Beacon frequencies

The tuning knobs let you select the desired NDB frequency. Nondirectional beacons foraviation use broadcast between 200-415 Khz. Most ADFs also receive the standard AMbroadcast band at 550-1600 Khz. Aviation NDBs have a two- or three-letter identifierbroadcast in morse code at an audio frequency of 1020Hz. Some NDBs also broadcast voice,often transcribed weather.

When a nondirectional beacon is co-located with the outer marker of an ILS system, it’scalled an "outer compass locator" or LOM. Same thing as an NDB, just a differentname. When an ILS is equipped with a LOM, the ADF can be a big help in visualizing yourposition while maneuvering for the approach.

Most NDB stations are quite weak and range is limited, but in some cases such asbroadcast stations, distances of over 500 miles have been obtained. ADF accuracy isaffected by such things as crossing shore lines and reflections off of the ionosphere.Another thing that will degrade and ADF is precipitation static and thunderstorms. Thereason is because P-static and lightning discharges are in the same low frequency rangethat the ADF receives on. Some people call the ADF a "poor mans radar" becauseif lightning is going on the ADF will in some cases point to it. But I wouldn’t count onit.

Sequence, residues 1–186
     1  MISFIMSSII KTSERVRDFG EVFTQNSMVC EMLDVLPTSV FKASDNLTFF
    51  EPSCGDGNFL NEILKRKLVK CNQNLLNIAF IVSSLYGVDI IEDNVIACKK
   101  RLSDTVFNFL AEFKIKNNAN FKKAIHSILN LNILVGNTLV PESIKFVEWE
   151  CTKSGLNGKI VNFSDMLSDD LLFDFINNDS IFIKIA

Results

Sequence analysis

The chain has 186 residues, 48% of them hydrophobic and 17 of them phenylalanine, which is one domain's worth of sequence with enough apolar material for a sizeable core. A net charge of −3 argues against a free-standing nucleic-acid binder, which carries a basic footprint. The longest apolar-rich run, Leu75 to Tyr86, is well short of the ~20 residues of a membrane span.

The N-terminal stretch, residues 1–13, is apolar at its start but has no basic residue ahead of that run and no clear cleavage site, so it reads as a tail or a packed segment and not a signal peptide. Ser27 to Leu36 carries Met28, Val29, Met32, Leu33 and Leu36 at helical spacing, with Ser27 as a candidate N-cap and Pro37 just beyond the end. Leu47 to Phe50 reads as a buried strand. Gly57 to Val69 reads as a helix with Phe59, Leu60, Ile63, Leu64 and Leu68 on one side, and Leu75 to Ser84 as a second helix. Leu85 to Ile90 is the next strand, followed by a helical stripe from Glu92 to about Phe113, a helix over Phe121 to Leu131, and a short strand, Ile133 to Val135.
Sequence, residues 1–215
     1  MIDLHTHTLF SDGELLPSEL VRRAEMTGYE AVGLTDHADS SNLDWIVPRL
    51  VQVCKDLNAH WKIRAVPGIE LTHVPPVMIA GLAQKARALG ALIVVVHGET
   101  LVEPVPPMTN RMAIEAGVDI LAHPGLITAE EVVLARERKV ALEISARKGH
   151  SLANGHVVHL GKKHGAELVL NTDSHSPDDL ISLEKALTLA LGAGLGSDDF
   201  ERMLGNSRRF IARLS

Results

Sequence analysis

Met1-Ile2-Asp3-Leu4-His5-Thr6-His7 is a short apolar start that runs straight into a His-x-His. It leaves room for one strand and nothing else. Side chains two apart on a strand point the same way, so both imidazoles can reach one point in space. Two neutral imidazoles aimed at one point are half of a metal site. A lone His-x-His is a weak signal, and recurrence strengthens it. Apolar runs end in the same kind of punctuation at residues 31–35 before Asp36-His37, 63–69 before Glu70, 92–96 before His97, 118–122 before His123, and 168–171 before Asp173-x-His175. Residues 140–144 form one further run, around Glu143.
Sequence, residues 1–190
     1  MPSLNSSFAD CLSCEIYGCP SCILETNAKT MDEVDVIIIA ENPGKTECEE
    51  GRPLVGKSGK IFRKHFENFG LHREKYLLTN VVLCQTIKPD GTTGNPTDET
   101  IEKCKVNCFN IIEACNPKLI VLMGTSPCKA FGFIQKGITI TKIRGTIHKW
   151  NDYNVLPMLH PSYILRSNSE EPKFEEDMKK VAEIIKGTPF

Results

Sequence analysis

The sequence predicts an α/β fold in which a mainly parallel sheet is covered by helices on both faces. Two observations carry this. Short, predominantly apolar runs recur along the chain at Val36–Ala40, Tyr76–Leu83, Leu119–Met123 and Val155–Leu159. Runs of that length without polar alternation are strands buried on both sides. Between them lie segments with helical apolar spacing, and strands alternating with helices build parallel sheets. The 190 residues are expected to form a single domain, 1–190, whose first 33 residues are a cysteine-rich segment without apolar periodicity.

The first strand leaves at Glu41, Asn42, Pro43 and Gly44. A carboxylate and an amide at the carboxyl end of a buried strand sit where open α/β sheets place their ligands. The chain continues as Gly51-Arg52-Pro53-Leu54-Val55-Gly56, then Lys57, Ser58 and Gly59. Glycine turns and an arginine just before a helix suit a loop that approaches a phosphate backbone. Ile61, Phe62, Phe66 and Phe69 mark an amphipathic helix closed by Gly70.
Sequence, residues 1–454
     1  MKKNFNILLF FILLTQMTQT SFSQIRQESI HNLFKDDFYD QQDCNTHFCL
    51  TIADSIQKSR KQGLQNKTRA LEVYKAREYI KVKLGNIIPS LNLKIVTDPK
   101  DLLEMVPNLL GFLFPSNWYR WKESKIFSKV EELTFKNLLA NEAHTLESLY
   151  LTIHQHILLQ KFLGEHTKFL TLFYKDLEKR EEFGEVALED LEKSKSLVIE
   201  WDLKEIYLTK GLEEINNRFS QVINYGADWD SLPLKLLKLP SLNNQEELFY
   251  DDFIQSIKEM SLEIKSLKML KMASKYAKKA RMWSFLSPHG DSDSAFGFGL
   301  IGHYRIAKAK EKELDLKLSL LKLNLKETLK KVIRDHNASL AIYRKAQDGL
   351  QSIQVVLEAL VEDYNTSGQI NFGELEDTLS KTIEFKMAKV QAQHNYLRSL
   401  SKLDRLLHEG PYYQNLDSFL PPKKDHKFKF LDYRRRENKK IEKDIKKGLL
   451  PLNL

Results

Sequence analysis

Do you really need an ADF?

Outside of instrument training and picking up ball scores or listening tooldies-but-goodies, I really question the need for an ADF. I know there are still someairports that are only served by an ADF approach, but all of these are getting GPSoverlays. In my 425 instrument hours, I’ve never had to do an actual ADF approach outsideof training. Usually ADF approach minimums are higher than other approaches to the sameairport if that airport has more than one approach.

ADFs can be tricky troubleshoot. Antenna installation and upkeep must be done perfectlyor the ADF will never work properly. Repair cost usually isn’t too expensive unless that$800 combined loop/sense antenna takes a dive. If that happens just forget about thatvacation you were going to take.

If my ADF died, I might be sorely tempted to apply the repair money toward the purchaseof a GPS instead. And if you really miss listening to the oldies, the ball scores or Rush,a Sony Walkman sounds a lot better anyway.